How the Musk interview was different than other CEO interviews
David Gelles of The New York Times writes about how the paper’s interview with Tesla Inc. chief executive officer Elon Musk last week was different than other CEO interviews.
Gelles writes, “While each of those articles was different, my interactions with the executives were more or less the same. There was almost always a public relations representative for the company in the room, hovering nearby to make sure the boss didn’t say something inappropriate. The C.E.O.s usually stuck to talking points that portrayed their companies, and themselves, in a flattering light. And the executives — all of whom have had hours of media training — usually delivered crisp, if dry, answers to just about any question I threw at them. They were programmed not to say anything that might make them appear vulnerable, and certainly not anything that might raise suspicions about their ability to lead a company.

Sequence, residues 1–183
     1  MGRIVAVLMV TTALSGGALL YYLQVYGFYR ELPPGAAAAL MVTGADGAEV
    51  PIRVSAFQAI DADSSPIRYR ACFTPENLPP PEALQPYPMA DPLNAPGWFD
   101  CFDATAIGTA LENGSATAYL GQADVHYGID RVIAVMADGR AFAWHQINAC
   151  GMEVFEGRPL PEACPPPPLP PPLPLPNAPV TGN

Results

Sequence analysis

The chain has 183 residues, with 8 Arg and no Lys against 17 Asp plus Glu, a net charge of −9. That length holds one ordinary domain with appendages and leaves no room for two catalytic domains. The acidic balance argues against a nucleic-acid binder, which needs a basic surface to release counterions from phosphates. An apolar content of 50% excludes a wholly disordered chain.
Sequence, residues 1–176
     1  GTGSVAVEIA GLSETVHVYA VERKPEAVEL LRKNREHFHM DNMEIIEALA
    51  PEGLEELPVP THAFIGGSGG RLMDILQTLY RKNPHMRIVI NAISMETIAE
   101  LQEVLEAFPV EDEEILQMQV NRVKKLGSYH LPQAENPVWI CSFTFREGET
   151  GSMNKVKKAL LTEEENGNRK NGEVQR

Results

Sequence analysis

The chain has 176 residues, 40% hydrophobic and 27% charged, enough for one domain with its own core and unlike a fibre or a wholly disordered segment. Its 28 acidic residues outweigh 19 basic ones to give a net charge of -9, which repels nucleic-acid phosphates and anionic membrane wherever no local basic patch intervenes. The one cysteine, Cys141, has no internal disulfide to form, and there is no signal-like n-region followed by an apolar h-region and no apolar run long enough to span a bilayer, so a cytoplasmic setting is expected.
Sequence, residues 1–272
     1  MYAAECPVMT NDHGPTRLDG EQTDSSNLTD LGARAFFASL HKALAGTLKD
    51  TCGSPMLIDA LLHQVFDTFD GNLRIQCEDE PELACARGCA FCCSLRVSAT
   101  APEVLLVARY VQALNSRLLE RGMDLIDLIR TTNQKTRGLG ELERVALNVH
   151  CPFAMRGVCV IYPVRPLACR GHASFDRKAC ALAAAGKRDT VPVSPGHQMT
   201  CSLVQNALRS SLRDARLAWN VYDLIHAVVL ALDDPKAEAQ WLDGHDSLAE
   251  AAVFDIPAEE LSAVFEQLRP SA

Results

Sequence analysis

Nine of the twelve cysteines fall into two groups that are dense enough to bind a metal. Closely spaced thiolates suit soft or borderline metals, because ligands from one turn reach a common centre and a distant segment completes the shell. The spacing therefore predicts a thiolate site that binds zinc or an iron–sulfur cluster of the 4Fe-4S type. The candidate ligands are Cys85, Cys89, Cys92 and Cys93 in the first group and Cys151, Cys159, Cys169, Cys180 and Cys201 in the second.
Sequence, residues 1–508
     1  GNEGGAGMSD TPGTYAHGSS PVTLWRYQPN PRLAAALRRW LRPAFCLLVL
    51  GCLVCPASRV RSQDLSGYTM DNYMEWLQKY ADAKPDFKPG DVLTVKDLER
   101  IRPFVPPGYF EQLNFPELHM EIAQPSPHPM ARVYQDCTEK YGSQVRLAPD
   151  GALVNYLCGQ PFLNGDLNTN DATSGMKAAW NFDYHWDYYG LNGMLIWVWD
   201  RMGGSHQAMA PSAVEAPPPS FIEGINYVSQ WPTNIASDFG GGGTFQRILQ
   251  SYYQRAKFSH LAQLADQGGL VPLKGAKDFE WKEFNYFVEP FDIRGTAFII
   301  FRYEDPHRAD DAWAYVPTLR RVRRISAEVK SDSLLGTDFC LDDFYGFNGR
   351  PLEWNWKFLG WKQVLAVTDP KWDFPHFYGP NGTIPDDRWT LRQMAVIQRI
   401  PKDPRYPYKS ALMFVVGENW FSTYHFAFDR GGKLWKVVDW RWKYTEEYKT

“My most recent role at The Times, as the new Corner Office columnist, has provided me with a forum to have somewhat more personal conversations with business leaders. Ken Frazier, the C.E.O. of Merck, was candid in his remarks about why he split with Mr. Trump last year. Stacy Brown-Philpot, the C.E.O. of TaskRabbit, spoke frankly about being a black woman in Silicon Valley. Paula Schneider, the C.E.O. of Komen, told a moving story about working through breast cancer treatment. Still, even the executives I speak with for Corner Office are careful not to leave themselves too exposed.
“But on Thursday with Mr. Musk, none of these rules seemed to apply. After a few awkward minutes of introductions, Mr. Musk began speaking in deeply personal terms, and went on for a full hour.”
Read more here.